NEW YORK CITY - “It’s a private party.” “Place is very limited.” “If you are receiving this email, we are unable to credential you for the Donald J. Trump Victory Party.” These are some of the stock replies received this week by hundreds – supporters, detractors and journalists alike – who asked to be put on the guest list for the planned Trump post-election event in New York City Tuesday night.
Since the early 1940s, no presidential nominee has held their election night event in New York City. On Tuesday, however, both presidential nominees will hold their events in New York, both within walking distance from each other in Midtown Manhattan.
After months of campaign stops featuring large, open-to-all rallies in fields, fairgrounds and stadiums as well as none-too-few events at Trump-named properties around the country, the Republican presidential nominee’s team has opted, on election night, to hire out a smaller venue, and one neither named nor owned by Trump: the third floor grand ballroom at New York Hilton-Midtown.
A couple of blocks away from the Trump Tower, where Trump lives, and where the nominee will reportedly be watching the election returns earlier in the evening, the Hilton’s 2,300 square-meter (24,726 sq. ft.) ballroom can hold a capacity crowd of 3,300, according to the hotel website.
Perhaps, as one advisor, speaking on condition of anonymity because he was unauthorized to speak on behalf of the candidate, suggested, it was just “superstition” that drove the decision to keep the event small – the same reason which was earlier given to the Washington Post for the Trump campaign’s decision not to plan a fireworks display. Or, perhaps, admitted the same advisor, keeping the event relatively small has to do with “some doubts that it will actually be a victory party.”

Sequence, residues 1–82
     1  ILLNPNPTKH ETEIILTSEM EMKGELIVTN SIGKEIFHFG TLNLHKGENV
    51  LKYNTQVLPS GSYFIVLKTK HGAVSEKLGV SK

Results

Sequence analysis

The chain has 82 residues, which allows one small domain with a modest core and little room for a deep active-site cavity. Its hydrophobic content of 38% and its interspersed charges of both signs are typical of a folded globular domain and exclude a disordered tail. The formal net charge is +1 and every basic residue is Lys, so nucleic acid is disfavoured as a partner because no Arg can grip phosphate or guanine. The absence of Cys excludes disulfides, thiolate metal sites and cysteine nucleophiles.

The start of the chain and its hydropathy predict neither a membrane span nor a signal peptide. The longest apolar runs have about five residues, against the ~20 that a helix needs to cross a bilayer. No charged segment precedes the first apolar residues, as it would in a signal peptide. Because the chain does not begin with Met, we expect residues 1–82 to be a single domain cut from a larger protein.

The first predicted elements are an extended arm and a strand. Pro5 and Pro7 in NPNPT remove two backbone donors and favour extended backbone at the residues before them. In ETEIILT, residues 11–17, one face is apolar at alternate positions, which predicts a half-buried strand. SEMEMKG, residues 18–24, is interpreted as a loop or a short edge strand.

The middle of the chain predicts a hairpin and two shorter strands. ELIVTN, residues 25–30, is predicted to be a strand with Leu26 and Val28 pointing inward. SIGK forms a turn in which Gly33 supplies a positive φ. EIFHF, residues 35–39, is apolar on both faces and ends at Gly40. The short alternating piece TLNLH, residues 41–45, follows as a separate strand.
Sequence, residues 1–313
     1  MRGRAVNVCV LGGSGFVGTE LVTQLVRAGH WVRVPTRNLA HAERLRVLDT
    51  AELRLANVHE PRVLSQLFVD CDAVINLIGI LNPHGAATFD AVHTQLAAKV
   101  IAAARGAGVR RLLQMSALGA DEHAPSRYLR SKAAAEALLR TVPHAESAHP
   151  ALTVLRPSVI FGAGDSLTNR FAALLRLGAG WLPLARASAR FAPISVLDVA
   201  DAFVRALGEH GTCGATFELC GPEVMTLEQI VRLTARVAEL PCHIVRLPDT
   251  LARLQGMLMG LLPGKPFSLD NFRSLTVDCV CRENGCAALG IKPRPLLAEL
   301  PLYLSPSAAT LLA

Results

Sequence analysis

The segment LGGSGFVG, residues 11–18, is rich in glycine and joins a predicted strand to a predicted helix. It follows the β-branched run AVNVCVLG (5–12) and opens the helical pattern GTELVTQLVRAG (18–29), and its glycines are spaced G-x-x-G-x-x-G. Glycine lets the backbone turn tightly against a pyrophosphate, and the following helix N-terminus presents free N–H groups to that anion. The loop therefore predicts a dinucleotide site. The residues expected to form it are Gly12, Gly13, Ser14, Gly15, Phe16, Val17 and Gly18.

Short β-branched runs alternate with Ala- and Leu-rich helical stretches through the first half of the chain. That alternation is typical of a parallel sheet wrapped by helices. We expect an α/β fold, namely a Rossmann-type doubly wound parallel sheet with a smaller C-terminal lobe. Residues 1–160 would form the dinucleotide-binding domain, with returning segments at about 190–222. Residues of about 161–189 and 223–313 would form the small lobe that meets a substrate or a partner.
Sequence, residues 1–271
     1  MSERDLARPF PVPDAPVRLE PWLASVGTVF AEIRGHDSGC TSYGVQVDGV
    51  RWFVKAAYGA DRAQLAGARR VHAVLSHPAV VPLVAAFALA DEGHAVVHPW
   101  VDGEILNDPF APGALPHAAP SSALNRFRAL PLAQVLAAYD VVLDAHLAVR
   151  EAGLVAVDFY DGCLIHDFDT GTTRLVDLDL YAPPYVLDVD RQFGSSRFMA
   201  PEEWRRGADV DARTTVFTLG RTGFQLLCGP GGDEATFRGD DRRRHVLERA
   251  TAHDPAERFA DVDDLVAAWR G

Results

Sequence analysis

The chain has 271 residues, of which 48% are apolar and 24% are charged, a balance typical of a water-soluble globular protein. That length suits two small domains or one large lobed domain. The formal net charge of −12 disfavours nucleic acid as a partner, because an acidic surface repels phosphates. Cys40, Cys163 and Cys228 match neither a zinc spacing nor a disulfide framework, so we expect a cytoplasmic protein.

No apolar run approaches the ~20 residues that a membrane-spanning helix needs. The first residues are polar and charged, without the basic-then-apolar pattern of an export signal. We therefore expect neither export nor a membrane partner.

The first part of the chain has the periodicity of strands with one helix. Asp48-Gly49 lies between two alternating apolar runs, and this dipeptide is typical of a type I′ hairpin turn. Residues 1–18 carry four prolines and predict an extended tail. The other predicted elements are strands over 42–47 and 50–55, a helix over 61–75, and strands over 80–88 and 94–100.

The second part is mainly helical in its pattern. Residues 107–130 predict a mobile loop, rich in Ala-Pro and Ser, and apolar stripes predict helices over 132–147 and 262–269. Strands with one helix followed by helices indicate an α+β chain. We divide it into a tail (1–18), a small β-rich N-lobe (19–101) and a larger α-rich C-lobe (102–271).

In 2012, Republican candidate Mitt Romney spent $25,000 on a fireworks show over Boston Harbor that was called off when it became clear he had lost to President Obama.
Last year, when Trump launched his campaign, he did it from the atrium at Trump Tower – where it is expected many of his supporters and journalists will gather on election night. But the atrium was apparently not an option for the victory party mainly because, despite its name, it’s considered a public space and no political activities are allowed there. After the Trump campaign launch there, the Trump team was fined $10,000 by the city of New York.
Besides being within walking distance from Trump Tower, Trump’s planned victory event is also a New York hop and a skip – 24 blocks — away from the Jacob K. Javits Convention Center, with its famed glass ceiling atrium, where Democratic candidate Clinton will be holding her own party.
Judging from her official election night, Clinton appears more confident that she will defeat Trump than many pollsters and analysts. Her victory, as of this writing, is far from certain, but the scene at the Jacob K. Javits Convention Center — the venue for her election night event — exudes self-assurance.
Located on Eleventh Avenue between 34th and 40th street and spread over 170,000-square meters (1,800,000 sq. ft.) of glass and metal, the self-proclaimed "crystal palace" normally functions as New York’s premier convention space. Since being completed in 1986, it has hosted its share of major events, including the annual New York Comic Con.
If Clinton wins, however, it will host the biggest event in its short history: the victory celebration of the first female president in the history of the United States.
Getting tickets to Clinton’s big night was, of course, a monumentally difficult task, given that hundreds of Clinton supporters had already started lining up for tickets since Saturday. Some attendees may still have to spend the evening outside, in the chilly New York air.
Originally, the Clinton campaign planned to make the event even glitzier, with a fireworks show that was eventually cancelled, but the event is expected to be plenty glitzy nonetheless. Poetically enough, by the end of the night she is planning to celebrate, should she win, her becoming the first female U.S. president — under the enormous glass ceilings of the Javits Center.